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Unitarian church settling into new home

November 04, 2002|by MARLO BARNHART

marlob@herald-mail.com

Now that the Unitarian Universalist Church of Hagerstown finally has a permanent new home, the congregation and its pastor can put their energies back into programs.

A few Sundays ago, the building at 13245 Cearfoss Pike was officially dedicated. Once a three-car garage behind the former Oliver Martin home, the building was transformed into a light and airy sanctuary complete with room to grow.

"It's a pleasure to hold our services here now," said the Rev. Valerie Wills, who became the first full-time pastor of the congregation in June 1999.

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When Wills arrived, the congregation numbered between 13 and 20 adult members. Now that number is between 40 and 65 active adults.

The spacious brick home at the new site has been remodeled into the Christian education building and office complex. There is also a full kitchen there and room for meetings, seminars, storage and all kinds of activities.

From its humble beginnings in 1957, the congregation met at members' homes for 10 years before moving into the old Hagerstown YMCA. From there, the move was made to 465 N. Potomac St.

Not wishing to spend money on necessary repairs to that crowded building with paltry parking precipitated a two-year rental arrangement at Hagerstown Girls Inc. while property explorations were under way.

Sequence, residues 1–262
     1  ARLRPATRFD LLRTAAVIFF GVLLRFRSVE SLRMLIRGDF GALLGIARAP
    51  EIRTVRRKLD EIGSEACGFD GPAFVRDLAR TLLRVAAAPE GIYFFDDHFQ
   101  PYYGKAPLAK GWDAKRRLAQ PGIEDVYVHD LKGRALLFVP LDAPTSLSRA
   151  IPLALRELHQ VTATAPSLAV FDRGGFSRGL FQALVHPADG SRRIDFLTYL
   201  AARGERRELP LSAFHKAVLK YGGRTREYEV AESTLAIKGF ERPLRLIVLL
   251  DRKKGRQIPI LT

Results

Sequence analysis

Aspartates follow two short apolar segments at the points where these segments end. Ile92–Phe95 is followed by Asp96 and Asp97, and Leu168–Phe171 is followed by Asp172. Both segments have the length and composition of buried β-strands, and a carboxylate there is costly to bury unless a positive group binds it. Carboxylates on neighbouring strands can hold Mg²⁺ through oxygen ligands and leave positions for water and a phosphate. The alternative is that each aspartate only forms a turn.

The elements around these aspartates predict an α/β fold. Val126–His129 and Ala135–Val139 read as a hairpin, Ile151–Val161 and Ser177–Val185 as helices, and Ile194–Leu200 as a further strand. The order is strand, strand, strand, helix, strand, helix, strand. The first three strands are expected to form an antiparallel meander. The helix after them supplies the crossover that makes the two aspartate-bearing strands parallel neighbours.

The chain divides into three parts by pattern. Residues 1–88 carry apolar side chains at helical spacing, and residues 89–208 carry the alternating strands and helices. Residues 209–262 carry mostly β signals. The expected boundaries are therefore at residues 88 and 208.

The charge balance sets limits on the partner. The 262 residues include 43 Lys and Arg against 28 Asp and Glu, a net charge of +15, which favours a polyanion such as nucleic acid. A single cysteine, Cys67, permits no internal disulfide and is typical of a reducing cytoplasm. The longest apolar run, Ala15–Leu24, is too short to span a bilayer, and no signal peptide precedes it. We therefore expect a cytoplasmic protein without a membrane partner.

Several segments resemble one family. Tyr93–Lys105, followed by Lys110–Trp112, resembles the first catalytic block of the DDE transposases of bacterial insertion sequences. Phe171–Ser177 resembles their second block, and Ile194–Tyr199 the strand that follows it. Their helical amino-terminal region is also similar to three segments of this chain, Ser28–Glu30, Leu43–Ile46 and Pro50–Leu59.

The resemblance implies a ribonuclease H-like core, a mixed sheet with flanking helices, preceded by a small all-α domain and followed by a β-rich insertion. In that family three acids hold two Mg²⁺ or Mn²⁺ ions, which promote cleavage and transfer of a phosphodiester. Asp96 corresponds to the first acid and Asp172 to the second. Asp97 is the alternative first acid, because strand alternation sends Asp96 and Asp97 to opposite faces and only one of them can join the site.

As exciting as the acquisition and remodeling were, Wills and her congregation are glad that now they can pick up the strands of their reason for existence - providing a forum for people to explore their beliefs.

Parenting programs are in the works, as is an exploration of the shadow, or dark side of our personalities, Wills said.

"We get ideas from the congregation and we explore them," Wills said.

She said worship at the UU church is better described as "worth" ship. "Our worship is a treasuring of humanity, challenging us to be and do our best," Wills said.

A major premise of Unitarianism is seeking to be respected and listened to. And, Wills said, it is important that people listen to each other.

"We want to find the worth in life and enhance it," Wills said. "Our members are encouraged to share their joys and their concerns."

The Bible is a tool used by Unitarians, as are poetry books and science texts.

"I've been a member for 19 years, along with my husband and two children," said Pam Reed. "We get a new perspective on old stories, as well as a different way of expressing ourselves."

For more information on the local congregation, call 301-797-5533.

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